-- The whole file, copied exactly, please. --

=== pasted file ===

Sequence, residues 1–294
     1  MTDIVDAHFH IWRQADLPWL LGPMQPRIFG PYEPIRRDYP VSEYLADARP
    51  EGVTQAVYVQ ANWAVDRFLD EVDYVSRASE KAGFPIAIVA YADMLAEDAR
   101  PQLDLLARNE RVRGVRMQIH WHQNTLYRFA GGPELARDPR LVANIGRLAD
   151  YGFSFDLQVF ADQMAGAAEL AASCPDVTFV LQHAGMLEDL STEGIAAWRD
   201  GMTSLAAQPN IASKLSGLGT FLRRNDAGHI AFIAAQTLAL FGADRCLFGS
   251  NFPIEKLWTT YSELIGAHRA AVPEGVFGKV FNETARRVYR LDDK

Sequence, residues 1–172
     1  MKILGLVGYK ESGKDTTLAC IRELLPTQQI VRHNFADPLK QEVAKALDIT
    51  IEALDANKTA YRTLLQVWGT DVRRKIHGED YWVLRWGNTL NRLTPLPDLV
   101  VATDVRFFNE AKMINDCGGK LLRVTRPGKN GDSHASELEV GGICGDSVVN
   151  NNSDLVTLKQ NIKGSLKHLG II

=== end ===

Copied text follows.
Sequence, residues 1–294
     1  MTDIVDAHFH IWRQADLPWL LGPMQPRIFG PYEPIRRDYP VSEYLADARP
    51  EGVTQAVYVQ ANWAVDRFLD EVDYVSRASE KAGFPIAIVA YADMLAEDAR
   101  PQLDLLARNE RVRGVRMQIH WHQNTLYRFA GGPELARDPR LVANIGRLAD
   151  YGFSFDLQVF ADQMAGAAEL AASCPDVTFV LQHAGMLEDL STEGIAAWRD
   201  GMTSLAAQPN IASKLSGLGT FLRRNDAGHI AFIAAQTLAL FGADRCLFGS
   251  NFPIEKLWTT YSELIGAHRA AVPEGVFGKV FNETARRVYR LDDK

Sequence, residues 1–172
     1  MKILGLVGYK ESGKDTTLAC IRELLPTQQI VRHNFADPLK QEVAKALDIT
    51  IEALDANKTA YRTLLQVWGT DVRRKIHGED YWVLRWGNTL NRLTPLPDLV
   101  VATDVRFFNE AKMINDCGGK LLRVTRPGKN GDSHASELEV GGICGDSVVN
   151  NNSDLVTLKQ NIKGSLKHLG II